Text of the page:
Somewhere back in the 1980s Bill James said that throughout MLB history, we’ve asked catchers to do more and more and pitchers to do less and less. With catchers, you have to think that improved protective equipment plays a big role in that, along with fewer doubleheaders. The 1969 Mets played 22 doubleheaders. Last year it seemed the Mets played a bunch of twinbills and they only played four.
So, why are we asking pitchers to do less?
It’s some combination of wanting to keep pitchers healthy while also looking to maximize their performance. We romanticize the pitchers from the 1970s and earlier who posted 300 IP in a season. And those hurlers deserve the accolades. The problem is that for every pitcher who did that and had a long career, we can name two guys that couldn’t handle the load.
On top of the injury concerns, we know that the majority of hurlers fare worse against hitters the third time through the order. It’s better to have a reliever come in and throw gas than to have your starter on fumes. We’ve all seen pitchers lose it in the later innings. And sometimes “later” isn’t late at all. Yesterday’s starter for the Phillies – Matt Moore – lost it in the fourth inning. And Joe Girardi removed him before he faced a batter for the third time. The reliever came in with one out and the bases loaded and got out of the jam.
If we had a crystal ball, we’d always remove a pitcher before the bulk of the damage hits. The Phillies successfully did that with Moore yesterday in the fourth inning. Luis Rojas and the Mets decided that Jacob deGrom was done after 77 pitches and six innings. Was it the right call? We’ll never know. Maybe the Phillies get to deGrom in the seventh inning if he was kept in. All we know is that they didn’t score a run against deGrom in six innings and scored five runs in two innings against the bullpen.
The decision to remove deGrom came after he retired the last nine batters he faced. My opinion is you never remove a guy with a low pitch count who’s cruising. deGrom needed just 32 pitches to complete the last three innings.
Historically, clubs are hesitant to push their starters in April. And it’s hard to imagine that trend being broken this year, since everyone is concerned how pitchers will hold up over a 162-game season after last year’s 60-game sprint. If you’re paying your ace $30 million or more a year, the last thing you want is for him to get injured by going to the whip in his first or second outing.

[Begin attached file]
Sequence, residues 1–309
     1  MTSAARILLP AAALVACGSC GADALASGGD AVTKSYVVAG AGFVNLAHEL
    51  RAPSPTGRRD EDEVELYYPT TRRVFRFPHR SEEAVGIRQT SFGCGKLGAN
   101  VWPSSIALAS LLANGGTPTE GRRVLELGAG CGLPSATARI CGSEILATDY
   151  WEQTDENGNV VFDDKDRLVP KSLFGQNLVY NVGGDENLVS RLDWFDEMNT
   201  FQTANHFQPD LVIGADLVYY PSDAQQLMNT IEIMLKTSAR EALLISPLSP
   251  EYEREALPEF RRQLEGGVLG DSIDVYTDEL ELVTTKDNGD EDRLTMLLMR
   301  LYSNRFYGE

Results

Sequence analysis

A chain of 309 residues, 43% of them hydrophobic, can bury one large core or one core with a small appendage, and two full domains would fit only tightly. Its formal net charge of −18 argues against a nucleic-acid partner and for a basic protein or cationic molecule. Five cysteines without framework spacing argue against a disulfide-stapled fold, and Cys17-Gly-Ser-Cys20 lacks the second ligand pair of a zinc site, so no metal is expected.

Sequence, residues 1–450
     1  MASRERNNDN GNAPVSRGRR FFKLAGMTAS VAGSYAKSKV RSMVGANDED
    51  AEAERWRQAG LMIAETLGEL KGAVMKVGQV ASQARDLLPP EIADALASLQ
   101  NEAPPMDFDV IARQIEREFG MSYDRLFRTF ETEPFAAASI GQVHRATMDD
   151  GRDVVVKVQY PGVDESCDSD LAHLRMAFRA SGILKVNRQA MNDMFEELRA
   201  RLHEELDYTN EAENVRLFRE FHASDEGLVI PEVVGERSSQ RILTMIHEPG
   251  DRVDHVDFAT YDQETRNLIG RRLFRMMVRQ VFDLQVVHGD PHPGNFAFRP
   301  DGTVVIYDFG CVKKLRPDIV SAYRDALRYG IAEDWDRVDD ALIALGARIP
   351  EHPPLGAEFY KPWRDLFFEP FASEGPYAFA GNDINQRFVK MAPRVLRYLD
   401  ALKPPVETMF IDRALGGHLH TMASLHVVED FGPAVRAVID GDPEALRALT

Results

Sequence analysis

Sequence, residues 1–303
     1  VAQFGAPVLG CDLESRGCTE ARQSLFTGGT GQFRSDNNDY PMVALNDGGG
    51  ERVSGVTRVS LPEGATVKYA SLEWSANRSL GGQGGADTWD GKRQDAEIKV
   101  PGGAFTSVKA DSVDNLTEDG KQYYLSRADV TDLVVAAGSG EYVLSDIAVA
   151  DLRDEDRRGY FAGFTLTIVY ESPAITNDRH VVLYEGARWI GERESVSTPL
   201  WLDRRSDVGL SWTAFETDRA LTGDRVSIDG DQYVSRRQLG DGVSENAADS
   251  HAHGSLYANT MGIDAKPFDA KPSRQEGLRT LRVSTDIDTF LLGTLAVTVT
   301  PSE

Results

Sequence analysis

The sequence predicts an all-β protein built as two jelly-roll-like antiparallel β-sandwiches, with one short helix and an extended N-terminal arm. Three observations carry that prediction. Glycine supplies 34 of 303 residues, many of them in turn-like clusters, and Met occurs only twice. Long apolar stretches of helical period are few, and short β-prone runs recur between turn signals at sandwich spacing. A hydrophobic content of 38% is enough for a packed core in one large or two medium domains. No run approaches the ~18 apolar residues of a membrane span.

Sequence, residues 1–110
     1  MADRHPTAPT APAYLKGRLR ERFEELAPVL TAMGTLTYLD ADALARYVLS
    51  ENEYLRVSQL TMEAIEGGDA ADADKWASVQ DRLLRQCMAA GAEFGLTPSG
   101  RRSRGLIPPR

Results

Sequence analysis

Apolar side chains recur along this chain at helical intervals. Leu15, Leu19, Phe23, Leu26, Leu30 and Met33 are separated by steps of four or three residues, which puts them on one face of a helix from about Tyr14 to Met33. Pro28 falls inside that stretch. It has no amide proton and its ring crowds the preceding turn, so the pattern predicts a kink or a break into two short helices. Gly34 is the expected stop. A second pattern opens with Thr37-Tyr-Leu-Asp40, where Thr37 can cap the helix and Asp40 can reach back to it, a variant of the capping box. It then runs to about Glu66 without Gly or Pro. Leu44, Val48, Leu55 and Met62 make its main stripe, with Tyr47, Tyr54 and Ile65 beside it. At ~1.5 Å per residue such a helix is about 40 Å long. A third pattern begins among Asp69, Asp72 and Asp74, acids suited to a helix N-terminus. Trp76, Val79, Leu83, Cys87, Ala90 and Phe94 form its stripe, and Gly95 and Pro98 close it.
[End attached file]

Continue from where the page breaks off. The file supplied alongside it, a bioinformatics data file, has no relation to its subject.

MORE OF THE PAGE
For years, we’ve dealt with the 100-pitch boogeyman, the idea that if you ask a starter to go over that number that you’re asking for trouble. It’s a one-size-fits-all approach that’s based on a round number. And on top of that we have the “don’t let a pitcher face a hitter a third time” belief. And do we now have an inning-of-the-game cap, too? Did the Mets decide before the game started that deGrom was not throwing a pitch in the seventh inning, regardless of how the game was going? It seems like the Mets are content with seven-inning starts for deGrom, generally. And in his first outing of the year, that limit was going to be six innings, instead.
When it comes to deGrom, the Mets have played it conservatively many, many more times than not. And that approach hasn’t kept him from winning two Cy Young Awards and be the favorite for the award again this season. He’s also throwing harder as he ages, which is generally unheard of from a pitcher in his 30s. Perhaps they are handling him in the best way possible.
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